We need to talk about BIM

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Nick Nisbet, Director at AEC3 Ltd and Technical Coordinator for buildingSMART wants us to be clear-headed when talking about BIM

I’m reliably informed that if you take enough psychedelic drugs, the whole world around you merges into a wonderful tapestry of luminous colours and textures. As when browsing impressionist paintings and point cloud surveys, our ability to be rational and thoughtful is destroyed. Does this explain why discussions of BIM meander effortlessly from BIM, which is about hard data, to ever increasingly soft stuff like collaboration, managing change and culture?

Let’s consider some differences. BIM (Building Information Modelling) or VDC (Virtual Design and Construction) is about using data instead of documents. We can generalise this idea to be ‘Sharing Structured Information’ – this broader definition should ensure that both those with a strong visual sense and those with a strong numeric bent can both join in. The ‘Sharing’ means we think about our colleagues, our customers and our suppliers and create processes that can be repeated, improved, simplified, perhaps even eliminated.

The “Structured” aspect means it can be checked, analysed and exchanged. Comparison can be made between types of facility, between costs of systems, between performances of products. How can we check for completeness or for performance? It may depend on applying industry-wide classification tables such as Uniclass2015 and NRM1, to the assets, and to other information resources. Conversely, private, informal, or ill-formed tables represent a systemic risk to good practice.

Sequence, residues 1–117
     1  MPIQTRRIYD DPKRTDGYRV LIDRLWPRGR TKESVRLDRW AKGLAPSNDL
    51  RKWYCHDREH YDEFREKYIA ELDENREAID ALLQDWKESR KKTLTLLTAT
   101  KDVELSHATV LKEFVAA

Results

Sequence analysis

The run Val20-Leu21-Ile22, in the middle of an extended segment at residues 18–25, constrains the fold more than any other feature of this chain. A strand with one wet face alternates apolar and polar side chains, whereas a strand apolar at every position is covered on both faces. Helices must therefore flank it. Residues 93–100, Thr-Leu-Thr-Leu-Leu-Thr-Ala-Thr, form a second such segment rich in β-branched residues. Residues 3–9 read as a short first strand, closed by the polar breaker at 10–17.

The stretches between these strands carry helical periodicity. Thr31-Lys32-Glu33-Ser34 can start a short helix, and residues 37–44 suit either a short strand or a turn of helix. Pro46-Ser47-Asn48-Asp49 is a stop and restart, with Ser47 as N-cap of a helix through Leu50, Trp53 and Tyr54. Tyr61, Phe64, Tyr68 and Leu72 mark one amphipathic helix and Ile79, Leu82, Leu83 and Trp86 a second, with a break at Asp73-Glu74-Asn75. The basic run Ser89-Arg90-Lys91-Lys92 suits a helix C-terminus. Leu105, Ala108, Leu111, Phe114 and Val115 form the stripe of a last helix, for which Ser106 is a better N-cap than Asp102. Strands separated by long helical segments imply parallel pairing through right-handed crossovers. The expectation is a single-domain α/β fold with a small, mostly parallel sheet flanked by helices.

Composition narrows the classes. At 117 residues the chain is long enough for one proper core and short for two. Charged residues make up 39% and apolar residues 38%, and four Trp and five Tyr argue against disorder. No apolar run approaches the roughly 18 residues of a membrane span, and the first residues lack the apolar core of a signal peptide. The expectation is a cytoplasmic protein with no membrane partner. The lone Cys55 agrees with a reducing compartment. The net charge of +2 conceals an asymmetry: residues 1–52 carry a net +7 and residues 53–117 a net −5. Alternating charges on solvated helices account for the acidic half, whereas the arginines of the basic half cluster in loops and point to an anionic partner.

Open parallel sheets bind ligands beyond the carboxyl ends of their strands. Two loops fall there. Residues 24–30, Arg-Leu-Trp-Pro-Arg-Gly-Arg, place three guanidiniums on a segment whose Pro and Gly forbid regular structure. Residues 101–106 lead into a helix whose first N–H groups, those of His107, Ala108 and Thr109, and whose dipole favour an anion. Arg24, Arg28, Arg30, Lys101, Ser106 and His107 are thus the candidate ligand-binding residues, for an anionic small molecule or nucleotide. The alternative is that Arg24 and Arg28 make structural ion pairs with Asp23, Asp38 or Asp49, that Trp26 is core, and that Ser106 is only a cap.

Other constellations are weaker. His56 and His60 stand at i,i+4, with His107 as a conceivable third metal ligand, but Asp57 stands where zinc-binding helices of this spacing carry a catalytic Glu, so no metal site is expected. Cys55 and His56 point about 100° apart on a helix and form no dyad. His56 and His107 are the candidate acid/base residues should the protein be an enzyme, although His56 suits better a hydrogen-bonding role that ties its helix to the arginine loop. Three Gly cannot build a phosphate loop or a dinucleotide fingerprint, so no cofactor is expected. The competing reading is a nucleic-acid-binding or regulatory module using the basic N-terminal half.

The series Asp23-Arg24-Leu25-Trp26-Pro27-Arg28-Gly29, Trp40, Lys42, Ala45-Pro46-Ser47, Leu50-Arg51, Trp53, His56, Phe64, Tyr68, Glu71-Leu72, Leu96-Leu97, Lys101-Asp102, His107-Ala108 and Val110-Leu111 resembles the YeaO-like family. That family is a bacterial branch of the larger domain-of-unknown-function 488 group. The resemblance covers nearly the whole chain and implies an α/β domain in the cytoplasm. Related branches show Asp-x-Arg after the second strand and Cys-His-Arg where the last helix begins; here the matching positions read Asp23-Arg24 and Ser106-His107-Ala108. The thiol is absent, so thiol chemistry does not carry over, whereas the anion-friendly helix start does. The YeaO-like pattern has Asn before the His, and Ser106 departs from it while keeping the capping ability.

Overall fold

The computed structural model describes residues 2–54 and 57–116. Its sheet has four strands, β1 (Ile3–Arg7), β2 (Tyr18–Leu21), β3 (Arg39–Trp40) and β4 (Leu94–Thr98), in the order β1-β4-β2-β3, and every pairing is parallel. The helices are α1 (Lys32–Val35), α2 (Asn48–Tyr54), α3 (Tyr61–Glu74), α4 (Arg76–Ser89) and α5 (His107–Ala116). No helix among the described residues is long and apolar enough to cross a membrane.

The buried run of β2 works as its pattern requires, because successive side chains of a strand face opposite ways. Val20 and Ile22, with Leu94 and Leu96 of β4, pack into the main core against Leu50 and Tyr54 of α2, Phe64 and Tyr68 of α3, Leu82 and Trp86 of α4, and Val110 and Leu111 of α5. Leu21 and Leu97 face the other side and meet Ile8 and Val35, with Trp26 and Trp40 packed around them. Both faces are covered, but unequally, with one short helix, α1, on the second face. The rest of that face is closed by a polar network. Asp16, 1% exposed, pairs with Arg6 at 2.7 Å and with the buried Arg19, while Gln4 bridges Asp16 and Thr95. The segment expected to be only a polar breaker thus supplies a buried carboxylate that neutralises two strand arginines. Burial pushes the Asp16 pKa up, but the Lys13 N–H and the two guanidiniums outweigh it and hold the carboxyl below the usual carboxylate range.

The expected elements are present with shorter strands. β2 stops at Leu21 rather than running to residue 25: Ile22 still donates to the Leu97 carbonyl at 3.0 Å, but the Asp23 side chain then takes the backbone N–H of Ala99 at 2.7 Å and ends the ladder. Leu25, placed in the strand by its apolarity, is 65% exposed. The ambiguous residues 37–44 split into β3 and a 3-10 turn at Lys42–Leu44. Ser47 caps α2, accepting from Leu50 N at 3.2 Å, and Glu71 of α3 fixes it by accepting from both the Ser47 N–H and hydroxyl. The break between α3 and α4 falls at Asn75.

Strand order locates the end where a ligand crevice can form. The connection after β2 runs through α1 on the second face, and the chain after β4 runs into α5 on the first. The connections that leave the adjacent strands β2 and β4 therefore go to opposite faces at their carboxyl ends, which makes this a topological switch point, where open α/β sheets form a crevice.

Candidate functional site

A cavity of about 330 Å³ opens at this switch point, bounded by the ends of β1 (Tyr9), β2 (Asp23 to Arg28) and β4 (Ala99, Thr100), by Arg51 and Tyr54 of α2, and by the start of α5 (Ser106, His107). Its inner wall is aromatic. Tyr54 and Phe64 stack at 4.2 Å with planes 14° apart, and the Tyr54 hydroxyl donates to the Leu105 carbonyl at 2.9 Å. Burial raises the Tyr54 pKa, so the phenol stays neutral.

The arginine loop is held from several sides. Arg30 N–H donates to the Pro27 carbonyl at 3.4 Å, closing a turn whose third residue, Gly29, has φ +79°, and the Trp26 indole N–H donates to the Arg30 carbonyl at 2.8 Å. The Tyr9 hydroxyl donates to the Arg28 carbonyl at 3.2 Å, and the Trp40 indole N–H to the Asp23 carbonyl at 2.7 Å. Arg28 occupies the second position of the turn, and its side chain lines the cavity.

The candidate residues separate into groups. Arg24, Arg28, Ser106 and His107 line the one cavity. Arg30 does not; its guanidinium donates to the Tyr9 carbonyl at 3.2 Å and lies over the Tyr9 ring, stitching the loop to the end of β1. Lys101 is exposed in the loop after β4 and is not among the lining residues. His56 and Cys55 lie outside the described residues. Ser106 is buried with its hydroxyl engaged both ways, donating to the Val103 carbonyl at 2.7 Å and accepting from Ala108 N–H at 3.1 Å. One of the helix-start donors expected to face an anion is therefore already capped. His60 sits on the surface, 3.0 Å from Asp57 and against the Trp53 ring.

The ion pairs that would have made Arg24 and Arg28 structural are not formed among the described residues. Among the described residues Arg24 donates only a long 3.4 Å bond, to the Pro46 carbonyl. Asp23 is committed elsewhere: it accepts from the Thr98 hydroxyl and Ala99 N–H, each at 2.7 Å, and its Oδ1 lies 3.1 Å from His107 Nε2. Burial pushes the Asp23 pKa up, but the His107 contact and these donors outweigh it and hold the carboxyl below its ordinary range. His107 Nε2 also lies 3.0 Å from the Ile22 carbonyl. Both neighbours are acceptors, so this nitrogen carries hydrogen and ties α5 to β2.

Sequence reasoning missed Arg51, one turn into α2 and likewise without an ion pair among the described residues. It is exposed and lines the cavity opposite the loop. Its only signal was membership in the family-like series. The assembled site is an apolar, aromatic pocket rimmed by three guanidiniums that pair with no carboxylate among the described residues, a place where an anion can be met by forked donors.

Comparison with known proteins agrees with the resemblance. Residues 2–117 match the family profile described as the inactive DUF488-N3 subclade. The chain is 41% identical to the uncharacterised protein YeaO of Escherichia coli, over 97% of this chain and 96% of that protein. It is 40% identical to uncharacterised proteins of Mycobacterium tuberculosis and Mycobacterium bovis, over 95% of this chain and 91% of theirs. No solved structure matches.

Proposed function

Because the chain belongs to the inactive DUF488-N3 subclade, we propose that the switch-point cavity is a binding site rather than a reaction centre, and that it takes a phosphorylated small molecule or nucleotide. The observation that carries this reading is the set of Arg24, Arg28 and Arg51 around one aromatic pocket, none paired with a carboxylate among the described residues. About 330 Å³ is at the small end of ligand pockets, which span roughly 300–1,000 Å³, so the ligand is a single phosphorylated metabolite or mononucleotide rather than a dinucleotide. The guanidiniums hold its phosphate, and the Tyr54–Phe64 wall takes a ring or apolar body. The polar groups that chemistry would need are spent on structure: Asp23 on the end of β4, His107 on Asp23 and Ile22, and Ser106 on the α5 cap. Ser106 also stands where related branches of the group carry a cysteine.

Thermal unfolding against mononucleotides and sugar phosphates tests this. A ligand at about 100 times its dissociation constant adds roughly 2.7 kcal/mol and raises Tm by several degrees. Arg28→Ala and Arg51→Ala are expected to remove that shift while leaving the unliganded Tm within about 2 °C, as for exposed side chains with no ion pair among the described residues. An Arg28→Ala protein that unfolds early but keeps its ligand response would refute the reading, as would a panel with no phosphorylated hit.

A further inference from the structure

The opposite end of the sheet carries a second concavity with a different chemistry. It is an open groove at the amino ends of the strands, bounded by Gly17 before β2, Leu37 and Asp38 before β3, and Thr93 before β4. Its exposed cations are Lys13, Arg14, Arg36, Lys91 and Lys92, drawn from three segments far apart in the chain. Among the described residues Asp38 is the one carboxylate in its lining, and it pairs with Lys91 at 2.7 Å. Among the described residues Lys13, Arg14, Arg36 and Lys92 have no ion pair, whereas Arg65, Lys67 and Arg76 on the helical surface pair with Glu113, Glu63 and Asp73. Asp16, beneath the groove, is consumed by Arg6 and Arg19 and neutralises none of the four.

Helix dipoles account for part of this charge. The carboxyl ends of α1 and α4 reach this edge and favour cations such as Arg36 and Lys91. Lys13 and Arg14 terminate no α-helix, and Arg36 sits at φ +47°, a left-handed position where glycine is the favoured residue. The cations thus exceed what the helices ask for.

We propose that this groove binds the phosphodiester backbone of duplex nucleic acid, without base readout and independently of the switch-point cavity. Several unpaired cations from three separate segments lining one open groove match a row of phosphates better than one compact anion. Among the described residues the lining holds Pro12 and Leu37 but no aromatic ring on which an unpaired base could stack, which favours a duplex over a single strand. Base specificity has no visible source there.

But most importantly it’s ‘information’ about real manageable, visitable assets. Assets include the individual named Components, but a Facility is not just a pile of Components, it is also the specified product Types, and the functional Systems. A Site is not just a collection of Spaces, it is also the Storeys and Zones used to navigate them. Lastly a Project is not just a plethora of Tasks to be done, it is also the Job-Types and Work-packages used to organise them.

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We don’t have to invoke collaboration or cooperation as the magic mushroom that will ease the process. Good hard solid contracts can make the process robust, checkable and verifiable. COBie and Soft Landings are contractually enforceable information exchanges. The US Army suggested $5,000 per day for each day the Contractor failed to deliver a complete and accurate COBie handover dataset. ‘Digital Plans of Work’ are being developed, but it is the tools to check and enforce them that will make BIM more and more contractually verifiable.

Is BIM a cultural issue? I’d argue no, there is nothing about BIM that necessarily demands a cultural change: delivering information is a competency that can be developed from familiarity with traditional documentation and an understanding of traditional processes. But it can be a liberation, because nothing need be done twice, nothing need be unchecked, every decision can generate many outputs.

We don’t have to invoke cultural change or wait for the Zeitgeist to blow in a new direction. We just have to realise that there isn’t a single process in facilities and construction that can’t be radically improved by transitioning off documents into data, repeating it, and finding ways to check it and improve it. And if we don’t start, a competitor or colleague just might. Or an up-start practice or company might just go straight into it.

So where to start? Pick up any document that’s on your desk or in your pigeon hole and ask what is it really about? What’s the message and what’s the data? What’s being discussed, the site, the project or the facility? Which specific location, component or task? And then think, I’d rather have the background information before I respond. You’ve started your BIM journey.

Nicholas Nisbet

Director, AEC3 and Technical Coordinator buildingSMART UKI

Tel: +44 1494 714933

nn@aec3.com

www.aec3.com

www.twitter.com/nicknisbet

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